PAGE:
I quite often tell people one of the most useful pieces of tech I have purchased recently is my iPad. When I first received it I knew it would be useful, but I had no idea just how useful. Being a photographer, my first thoughts are how can I use this in conjunction with my photo work. This is no easy task as mobile devices were primarily designed to work with photos from their built in cameras. Getting images from a DSLR into these devices is not particulary easy or intuitive. Which brings us to the subject at hand.
A quick trip to the App Store, or Google Play you will find a ton of photo related apps. As far as photo editors, most are minimal to to just plain awful. Most new ones seem to focus on hokey filters that make your photos look like those in a shoe box on the closet shelf. You know, the ones you never look at because they look so bad. There are a few quality photo editing apps out there, but the one we are concerned with here is from the big daddy of photo editing software.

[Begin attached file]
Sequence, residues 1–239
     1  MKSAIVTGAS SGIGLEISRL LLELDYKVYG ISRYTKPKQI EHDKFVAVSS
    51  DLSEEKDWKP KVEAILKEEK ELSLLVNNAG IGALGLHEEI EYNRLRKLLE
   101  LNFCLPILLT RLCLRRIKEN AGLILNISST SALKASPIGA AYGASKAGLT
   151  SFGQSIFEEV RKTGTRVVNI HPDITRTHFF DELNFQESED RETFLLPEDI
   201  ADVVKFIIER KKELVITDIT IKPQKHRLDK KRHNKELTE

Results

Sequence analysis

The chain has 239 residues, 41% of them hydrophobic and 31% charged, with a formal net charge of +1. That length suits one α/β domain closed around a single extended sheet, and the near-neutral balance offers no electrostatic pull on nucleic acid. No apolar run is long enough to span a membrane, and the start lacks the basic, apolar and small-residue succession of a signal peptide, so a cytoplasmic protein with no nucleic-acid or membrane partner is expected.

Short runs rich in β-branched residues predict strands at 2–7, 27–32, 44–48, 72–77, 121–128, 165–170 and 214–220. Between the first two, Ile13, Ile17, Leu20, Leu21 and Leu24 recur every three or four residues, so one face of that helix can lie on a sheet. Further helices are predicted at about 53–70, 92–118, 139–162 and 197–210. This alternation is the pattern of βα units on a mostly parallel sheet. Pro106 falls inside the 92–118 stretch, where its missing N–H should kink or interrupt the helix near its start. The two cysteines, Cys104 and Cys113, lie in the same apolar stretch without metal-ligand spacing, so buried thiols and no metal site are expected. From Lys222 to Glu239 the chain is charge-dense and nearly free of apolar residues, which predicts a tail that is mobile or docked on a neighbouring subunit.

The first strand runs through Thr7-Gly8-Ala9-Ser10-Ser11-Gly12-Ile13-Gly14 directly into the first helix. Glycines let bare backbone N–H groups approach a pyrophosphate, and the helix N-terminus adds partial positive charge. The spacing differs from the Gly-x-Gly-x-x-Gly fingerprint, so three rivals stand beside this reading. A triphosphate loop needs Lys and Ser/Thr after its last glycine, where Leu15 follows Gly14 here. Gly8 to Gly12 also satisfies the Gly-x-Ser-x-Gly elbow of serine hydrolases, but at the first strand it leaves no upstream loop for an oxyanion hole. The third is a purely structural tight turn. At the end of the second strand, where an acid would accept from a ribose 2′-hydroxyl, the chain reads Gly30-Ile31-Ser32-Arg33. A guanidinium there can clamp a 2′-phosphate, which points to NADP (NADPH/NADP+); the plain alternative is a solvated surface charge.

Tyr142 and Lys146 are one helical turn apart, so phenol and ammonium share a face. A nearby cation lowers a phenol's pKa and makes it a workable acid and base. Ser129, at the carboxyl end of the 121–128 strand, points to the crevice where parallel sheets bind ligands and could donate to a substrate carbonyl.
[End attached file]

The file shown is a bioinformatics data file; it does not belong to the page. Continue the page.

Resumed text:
When I first came across Adobe Photoshop Touch, the first thing that stood out was the price $9.99. As apps go this is kind of expensive. As Adobe goes, this is kind of cheap. Well I took the plunge anyway and downloaded it. It has only been recently that I have had a chance to really delve into it’s capabilities. When you first launch the app your first reaction is “huh”. The main interface (image 1) is like nothing you have ever seen in an image editor, least of all from any Adobe product. With the usual lack of documentation, it is up to you to click, poke, drag, and whatever else it takes to learn your way around it. The Adobe web site does have some tutorial videos that will give you an idea of the apps full power. Besides the menus and tools covered below, there is full layers support, and some new and clever selection tools designed specifically for touch screen devices. The 3D layer view which shows exactly how you layers are positioned in your document is very cool.